Table 2 presents month-on-month growth rates along with standard errors for the all manufacturing Producer Price Index (PPI) (Gross Sector Output including duty) and the Standard Industrial Classification (SIC) divisional level PPIs. The standard errors have been calculated for each division by calculating standard errors for each month-on-month growth rate over the period January 2016 to December 2016 and then taking an arithmetic mean of the 12 individual standard errors.

Divisions with the largest standard error of month-on-month growth were division 15 “Leather and related products” and 24 “Basic metals” which had standard errors of 0.8 and 0.6 respectively. The volatile price movements in Division 15 are largely due to the fact that the growth is calculated from a relatively small sample of items therefore price movements within this sample will have a significant impact on the growth rates. In addition to this, it is also worth noting that the two indices feeding into division 15 show quite different price movements over the past 12 months; “Tanned and dressed leather” decreased by 1.7% in the year to December 2016 whereas “Footwear” increased by 2.8% over the same period. This variation in the direction of growth rates will also impact the standard error.

The unweighted mean standard error for the month-on-month growth for all divisions was 0.2. The standard error value of the month-on-month growth of division 24 “Basic metals” was 0.6, which is three times the mean value. This is likely to be as a result of the fact that the underlying price data for this division is collected from a single published source; therefore this restricts the variety of items that can be collected which can cause variation in the results.

Figure 2 shows the month-on-month growth rates for each SIC division with 95% confidence intervals calculated as ± 1.96 standard errors. This chart highlights the divisions, as described above, with the largest standard errors. It can be seen for Division 24 “Basic Metals” and Division 33 “Repair and installation services of machinery and equipment”, the confidence intervals do not overlap with zero, meaning that the direction of the growth rate reported for these divisions are statistically significant. For division 24 this is mainly due to the large growth over the period January 2016 to December 2016, while for division 33 this is mainly due to a narrow confidence interval. The reason there are relatively few divisions where the direction of growth is significant is because month-on-month growth tends to be smaller and more volatile.

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6. Aggregate PPI

This section includes summary information of standard errors for growth rates of the top level Producer Price Index (PPI) (Gross Sector Output (GSO) including duty). The month-on-month growth rates along with associated 95% confidence intervals are plotted for each consecutive month between the period January 2016 and December 2016. Table 3 shows the monthly growth rates of all manufacturing and an estimate of the standard errors for these periods.

Standard errors remained constant throughout the period January 2016 to December 2016. This is reflected in the confidence intervals which can be seen in Figure 3. Figure 3 shows the growth rates for all manufacturing (GSO including duty) along with their corresponding 95% confidence intervals for the period January 2016 to December 2016. For the aggregate PPI, it can be seen that the direction of growth rate for every month between the period January 2016 to December 2016 (excluding February, July, August and November) is statistically significant. This is because the confidence intervals for these months overlap with zero, meaning that the direction of the growth rates reported for these divisions are significant.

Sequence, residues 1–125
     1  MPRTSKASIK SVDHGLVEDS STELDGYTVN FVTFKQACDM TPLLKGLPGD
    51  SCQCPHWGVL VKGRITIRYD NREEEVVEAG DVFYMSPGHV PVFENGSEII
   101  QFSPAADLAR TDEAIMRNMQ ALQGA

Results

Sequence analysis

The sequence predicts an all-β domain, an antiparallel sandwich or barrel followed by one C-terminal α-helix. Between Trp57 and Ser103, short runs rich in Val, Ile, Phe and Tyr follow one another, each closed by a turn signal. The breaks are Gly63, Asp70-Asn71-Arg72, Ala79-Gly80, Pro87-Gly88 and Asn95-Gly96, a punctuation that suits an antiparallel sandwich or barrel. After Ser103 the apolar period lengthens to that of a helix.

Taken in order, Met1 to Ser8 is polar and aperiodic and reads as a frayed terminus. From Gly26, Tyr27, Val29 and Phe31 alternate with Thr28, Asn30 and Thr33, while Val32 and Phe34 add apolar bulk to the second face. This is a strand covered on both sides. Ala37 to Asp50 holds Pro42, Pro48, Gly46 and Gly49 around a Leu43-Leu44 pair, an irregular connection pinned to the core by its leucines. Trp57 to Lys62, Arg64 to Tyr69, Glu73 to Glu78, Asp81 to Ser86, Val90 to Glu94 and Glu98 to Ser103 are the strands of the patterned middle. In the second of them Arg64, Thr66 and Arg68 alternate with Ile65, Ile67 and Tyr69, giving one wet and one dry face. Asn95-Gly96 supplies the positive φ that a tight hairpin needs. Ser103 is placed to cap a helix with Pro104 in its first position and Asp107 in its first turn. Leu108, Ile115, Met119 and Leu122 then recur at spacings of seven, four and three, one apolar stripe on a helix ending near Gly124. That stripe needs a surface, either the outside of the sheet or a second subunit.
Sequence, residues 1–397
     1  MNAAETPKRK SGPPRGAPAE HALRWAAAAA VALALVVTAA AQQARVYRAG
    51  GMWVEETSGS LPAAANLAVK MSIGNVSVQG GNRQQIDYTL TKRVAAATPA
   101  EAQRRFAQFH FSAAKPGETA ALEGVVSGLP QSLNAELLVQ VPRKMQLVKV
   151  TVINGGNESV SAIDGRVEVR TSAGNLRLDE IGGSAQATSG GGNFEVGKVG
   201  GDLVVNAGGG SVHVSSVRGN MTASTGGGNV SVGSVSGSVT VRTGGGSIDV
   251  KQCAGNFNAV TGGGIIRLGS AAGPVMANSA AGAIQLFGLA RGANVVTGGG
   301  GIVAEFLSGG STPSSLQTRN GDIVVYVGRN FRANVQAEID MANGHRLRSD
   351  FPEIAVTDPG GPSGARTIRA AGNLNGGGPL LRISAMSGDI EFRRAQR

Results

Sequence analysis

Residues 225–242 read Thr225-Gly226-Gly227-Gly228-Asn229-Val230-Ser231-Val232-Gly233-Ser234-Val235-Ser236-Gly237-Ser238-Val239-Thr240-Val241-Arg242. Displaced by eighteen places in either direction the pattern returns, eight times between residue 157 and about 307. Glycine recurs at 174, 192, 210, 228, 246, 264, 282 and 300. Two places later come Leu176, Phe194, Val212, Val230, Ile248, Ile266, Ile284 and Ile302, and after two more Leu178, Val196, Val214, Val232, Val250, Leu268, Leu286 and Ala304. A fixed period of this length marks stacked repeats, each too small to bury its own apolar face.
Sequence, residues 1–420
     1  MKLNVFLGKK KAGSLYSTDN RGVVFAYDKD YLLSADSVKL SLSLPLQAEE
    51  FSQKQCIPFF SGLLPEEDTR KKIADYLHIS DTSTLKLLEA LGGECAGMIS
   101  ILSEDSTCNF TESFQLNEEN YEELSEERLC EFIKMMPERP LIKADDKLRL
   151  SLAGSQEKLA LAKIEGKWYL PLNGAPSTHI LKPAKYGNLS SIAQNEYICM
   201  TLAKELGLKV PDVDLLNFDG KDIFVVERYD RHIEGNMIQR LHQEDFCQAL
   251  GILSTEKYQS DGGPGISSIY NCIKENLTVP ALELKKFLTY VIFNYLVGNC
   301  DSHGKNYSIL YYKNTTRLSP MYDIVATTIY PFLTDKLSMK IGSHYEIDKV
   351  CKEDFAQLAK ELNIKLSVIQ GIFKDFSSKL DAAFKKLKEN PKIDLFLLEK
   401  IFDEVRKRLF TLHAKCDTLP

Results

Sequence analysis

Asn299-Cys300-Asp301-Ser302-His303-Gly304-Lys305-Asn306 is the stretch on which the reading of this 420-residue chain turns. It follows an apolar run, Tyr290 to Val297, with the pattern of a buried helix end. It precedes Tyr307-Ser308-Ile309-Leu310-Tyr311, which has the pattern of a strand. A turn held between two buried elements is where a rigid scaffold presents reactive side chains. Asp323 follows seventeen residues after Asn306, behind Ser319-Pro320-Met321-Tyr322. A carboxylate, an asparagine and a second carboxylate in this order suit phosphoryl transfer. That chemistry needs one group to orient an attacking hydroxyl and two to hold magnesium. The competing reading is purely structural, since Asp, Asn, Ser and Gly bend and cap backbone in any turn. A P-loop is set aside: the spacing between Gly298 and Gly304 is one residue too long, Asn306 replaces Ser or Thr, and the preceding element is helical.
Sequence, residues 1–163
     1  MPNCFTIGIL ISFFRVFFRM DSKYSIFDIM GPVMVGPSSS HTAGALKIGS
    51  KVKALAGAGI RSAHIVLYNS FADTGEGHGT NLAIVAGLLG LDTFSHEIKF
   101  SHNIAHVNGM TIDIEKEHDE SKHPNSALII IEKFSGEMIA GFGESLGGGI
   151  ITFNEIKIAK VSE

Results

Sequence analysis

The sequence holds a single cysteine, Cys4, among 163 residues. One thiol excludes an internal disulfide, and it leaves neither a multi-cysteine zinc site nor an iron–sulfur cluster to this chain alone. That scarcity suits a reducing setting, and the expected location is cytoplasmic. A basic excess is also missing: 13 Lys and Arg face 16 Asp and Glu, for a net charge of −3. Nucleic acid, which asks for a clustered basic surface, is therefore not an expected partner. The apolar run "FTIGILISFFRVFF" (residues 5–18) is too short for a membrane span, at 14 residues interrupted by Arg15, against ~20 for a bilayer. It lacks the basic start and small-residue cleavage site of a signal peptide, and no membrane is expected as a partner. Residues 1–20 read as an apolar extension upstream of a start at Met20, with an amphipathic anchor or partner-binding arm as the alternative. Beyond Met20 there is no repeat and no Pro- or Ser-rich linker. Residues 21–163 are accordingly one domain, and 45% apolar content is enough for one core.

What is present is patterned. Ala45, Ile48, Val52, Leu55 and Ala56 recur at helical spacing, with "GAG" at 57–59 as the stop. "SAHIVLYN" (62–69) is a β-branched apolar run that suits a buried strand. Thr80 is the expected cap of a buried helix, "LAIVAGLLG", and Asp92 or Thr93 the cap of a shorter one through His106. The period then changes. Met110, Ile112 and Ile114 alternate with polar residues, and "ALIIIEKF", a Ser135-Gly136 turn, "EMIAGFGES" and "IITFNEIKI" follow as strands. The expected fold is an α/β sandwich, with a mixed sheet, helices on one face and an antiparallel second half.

Overall, standard errors for both month-on-month and 12-month growth rates were relatively similar for most Standard Industrial Classification (SIC) divisions with the exception of a few divisions.

Divisions 14 “Wearing Apparel”, 15 “Leather and related products”, and 24 “Basic metals” had the highest standard error values for 12-month growth. Furthermore, divisions 15 and 24 also had the largest standard error values for month-on-month growth. This resulted from varying price movements seen within these divisions between consecutive months as well as the same month a year prior.

Standard errors for monthly growth rates of all manufacturing (Gross Sector Output (GSO) including duty) remained constant throughout the period January 2016 to December 2016.

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7. Quality and Methodology

  1. Standard errors have been published previously for PPI in three articles: Measuring the quality of the producer price index, measuring the quality of the producer price index - an update and Analysis of Producer Price Indices using Standard Errors

  2. The producer price index is published monthly in a Statistical Bulletin.

  3. A Quality and Methodology (QMI) paper for the PPI describes the intended uses of the statistics, their general quality and the methods used to produce them.

  4. The methods used to calculate standard errors presented here can be found in Survey Methodology Bulletin No.62, pages 62 to 80

  5. Details of the policy governing the release of new data are available by visiting https://www.statisticsauthority.gov.uk/monitoring-and-assessment/code-of-practice/ or from the Media Relations Office email: media.relations@ons.gsi.gov.uk

Author Name(s): James Wells, Tanaka Mhuruyengwe and Emelia D'Silva

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Contact details for this Article

James Wells
ppi@ons.gsi.gov.uk
Telephone: +44 (0)1633 455582